While Brecht used the quatrain as a device to expand the reading of the images in War Primer, Broomberg and Chanarin physically embedded their images on top of Brecht’s to create new montages that transformed the original political context of the first edition into it’s critical sequel, War Primer 2. Photomontage makes the viewer aware through disruption that the ‘image is an image.’ (MoMA Forum of Contemporary Photography, 18 September 2013) Combining two or more images from different times and contexts allows the artists to destabilise the original meanings of the photographs and manipulate them through their new amalgamations in order to question what really constitutes political space. For further reading see Occupying Brecht: Broomberg and Chanarin’s War Primer 2 by David Evans.
Anna Ostoya attempts a very different and difficult feat in her meshing of feminist and personal narrative with cross-historical perspectives and the collage of contemporary culture. Her arresting series of photomontages revisit Eastern-Central European avant-garde movements by juxtaposing them with their Western counterparts. To paraphrase Ostoya: ‘We think we live in a global culture but when you are a foreigner you have to deconstruct and reconstruct your world view constantly in order to understand and to be understood.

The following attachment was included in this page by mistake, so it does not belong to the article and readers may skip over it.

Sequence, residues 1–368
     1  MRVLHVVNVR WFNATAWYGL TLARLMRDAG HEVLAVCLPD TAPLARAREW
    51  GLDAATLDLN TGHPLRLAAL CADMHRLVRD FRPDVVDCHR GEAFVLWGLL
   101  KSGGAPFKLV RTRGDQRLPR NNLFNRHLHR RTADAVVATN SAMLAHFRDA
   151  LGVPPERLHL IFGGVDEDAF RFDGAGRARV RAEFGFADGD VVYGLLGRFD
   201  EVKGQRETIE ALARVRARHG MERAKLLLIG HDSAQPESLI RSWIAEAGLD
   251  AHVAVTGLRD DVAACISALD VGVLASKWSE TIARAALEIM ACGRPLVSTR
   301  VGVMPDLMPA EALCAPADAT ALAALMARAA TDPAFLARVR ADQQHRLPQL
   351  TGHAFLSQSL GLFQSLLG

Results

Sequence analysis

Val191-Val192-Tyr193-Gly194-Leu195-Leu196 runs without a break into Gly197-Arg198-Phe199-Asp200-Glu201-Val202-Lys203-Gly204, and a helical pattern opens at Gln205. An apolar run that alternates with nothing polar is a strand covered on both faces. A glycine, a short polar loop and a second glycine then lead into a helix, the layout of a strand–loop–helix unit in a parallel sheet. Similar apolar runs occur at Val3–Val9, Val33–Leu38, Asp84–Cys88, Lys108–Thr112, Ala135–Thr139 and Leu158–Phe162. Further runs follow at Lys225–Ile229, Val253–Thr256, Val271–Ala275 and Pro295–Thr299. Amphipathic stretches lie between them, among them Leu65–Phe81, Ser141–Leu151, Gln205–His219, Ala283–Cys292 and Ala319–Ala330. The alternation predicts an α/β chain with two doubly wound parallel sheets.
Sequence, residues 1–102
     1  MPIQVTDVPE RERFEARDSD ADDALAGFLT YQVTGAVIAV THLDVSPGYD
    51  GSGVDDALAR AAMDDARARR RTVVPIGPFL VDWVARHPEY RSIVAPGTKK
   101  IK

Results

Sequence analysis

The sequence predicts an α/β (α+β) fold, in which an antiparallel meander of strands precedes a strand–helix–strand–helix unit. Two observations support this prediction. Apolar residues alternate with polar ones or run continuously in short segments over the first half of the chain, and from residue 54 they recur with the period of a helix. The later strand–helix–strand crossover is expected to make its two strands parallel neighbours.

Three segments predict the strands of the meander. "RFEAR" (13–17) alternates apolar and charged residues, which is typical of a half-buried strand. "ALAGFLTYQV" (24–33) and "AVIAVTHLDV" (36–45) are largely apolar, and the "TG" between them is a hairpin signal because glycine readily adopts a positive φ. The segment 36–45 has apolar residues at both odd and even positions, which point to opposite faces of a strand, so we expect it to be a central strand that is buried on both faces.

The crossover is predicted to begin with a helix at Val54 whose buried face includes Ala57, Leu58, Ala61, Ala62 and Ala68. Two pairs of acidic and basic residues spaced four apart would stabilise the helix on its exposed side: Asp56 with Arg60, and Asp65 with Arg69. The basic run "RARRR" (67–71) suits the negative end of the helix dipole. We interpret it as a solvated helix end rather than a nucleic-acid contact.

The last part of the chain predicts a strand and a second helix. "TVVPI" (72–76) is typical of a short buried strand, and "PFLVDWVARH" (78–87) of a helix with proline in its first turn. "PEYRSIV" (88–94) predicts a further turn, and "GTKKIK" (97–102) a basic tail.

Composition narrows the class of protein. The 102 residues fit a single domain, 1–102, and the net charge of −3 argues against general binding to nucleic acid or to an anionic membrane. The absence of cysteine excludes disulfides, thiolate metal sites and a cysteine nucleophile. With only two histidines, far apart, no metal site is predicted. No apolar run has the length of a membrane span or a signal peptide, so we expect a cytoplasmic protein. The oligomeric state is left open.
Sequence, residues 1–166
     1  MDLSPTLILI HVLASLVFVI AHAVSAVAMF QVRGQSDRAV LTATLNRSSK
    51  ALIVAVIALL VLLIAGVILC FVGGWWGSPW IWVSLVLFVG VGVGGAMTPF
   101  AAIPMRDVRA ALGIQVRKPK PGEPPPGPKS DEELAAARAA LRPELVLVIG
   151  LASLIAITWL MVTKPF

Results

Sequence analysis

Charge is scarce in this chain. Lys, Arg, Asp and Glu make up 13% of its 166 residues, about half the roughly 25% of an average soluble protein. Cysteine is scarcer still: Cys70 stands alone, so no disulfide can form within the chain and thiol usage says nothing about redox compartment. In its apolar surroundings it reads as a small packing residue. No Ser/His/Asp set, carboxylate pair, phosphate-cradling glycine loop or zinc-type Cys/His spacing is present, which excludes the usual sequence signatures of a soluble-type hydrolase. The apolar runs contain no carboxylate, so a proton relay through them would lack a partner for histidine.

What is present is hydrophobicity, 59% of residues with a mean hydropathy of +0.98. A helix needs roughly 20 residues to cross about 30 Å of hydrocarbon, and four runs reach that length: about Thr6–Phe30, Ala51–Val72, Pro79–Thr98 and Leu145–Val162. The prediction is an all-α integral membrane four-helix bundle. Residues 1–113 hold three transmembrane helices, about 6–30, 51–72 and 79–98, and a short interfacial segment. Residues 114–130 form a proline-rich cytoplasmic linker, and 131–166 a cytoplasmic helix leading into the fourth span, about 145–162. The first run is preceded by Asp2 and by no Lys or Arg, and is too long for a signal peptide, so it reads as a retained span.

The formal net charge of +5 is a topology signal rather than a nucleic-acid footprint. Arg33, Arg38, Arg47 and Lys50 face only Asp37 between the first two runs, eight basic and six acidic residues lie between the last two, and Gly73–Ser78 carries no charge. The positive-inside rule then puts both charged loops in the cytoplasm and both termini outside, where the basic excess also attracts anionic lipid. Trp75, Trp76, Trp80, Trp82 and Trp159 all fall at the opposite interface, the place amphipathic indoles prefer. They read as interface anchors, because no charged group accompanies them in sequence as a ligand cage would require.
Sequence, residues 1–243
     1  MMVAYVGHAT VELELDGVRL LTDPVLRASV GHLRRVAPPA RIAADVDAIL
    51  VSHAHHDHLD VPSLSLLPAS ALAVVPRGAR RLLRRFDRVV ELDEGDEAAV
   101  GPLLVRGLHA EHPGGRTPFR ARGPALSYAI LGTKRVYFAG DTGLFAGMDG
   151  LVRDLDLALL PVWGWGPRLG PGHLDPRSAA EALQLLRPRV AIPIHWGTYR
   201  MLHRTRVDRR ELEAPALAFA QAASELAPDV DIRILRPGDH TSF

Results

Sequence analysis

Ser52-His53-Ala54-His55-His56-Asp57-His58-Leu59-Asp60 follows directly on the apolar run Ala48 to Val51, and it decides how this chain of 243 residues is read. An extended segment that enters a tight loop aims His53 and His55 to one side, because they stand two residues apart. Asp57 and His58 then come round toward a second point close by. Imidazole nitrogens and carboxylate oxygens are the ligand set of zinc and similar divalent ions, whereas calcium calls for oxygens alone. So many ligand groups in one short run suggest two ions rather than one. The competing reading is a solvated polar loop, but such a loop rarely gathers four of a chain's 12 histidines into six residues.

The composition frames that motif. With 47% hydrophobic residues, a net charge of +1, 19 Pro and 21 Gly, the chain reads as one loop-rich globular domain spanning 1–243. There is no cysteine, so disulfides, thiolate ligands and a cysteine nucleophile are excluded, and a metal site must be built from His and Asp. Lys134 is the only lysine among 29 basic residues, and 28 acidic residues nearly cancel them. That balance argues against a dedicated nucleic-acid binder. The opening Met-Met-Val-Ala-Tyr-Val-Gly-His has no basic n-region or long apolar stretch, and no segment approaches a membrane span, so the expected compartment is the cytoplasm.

Despite her conservative aesthetic and (at times overwrought) conceptualism, with its potential for devolving into cliché, Ostoya’s work resonates with an authenticity that the rest of the exhibition seems to lack. Perhaps this has something to do with her respect for the image and the ‘metapicture’, or maybe the sincerity with which she speaks of her work also enters into the actual process of making it. It may even be as simple an influence as the way she carried herself during the artist led tour, as if she held some mystical, nostalgic and vested belief in the transformative possibilities of photomontage and art making today. Not so with the remaining artists in the show.
Josephine Pryde. It’s Not My Body VI. 2011. Pigmented inkjet print, 31 1/2 x 19 1/2″ (80 x 49.5 cm). The Museum of Modern Art, New York. Acquired through the generosity of Anne Ehrenkranz in honor of Gayle Greenhill. © Josephine Pryde
Josephine Pryde’s series, It’s Not My Body (2011) hurts me in my woman place. Why any person would think that superimposing MRI scans of embryos onto colourful desert landscapes might be taken seriously is beyond comprehension. How could these works be read as anything other than a bad, sci-fi parody of the feminist perspective? A woman’s right to choose is damaged by any woman who chooses to make crappy art about the subject. In addition to Pryde’s attempt to touch on ‘debates surrounding notions of personhood’ she is also ‘exploring questions regarding the reproduction of images’. Perhaps that topic would have been better allocated to her guinea pig series.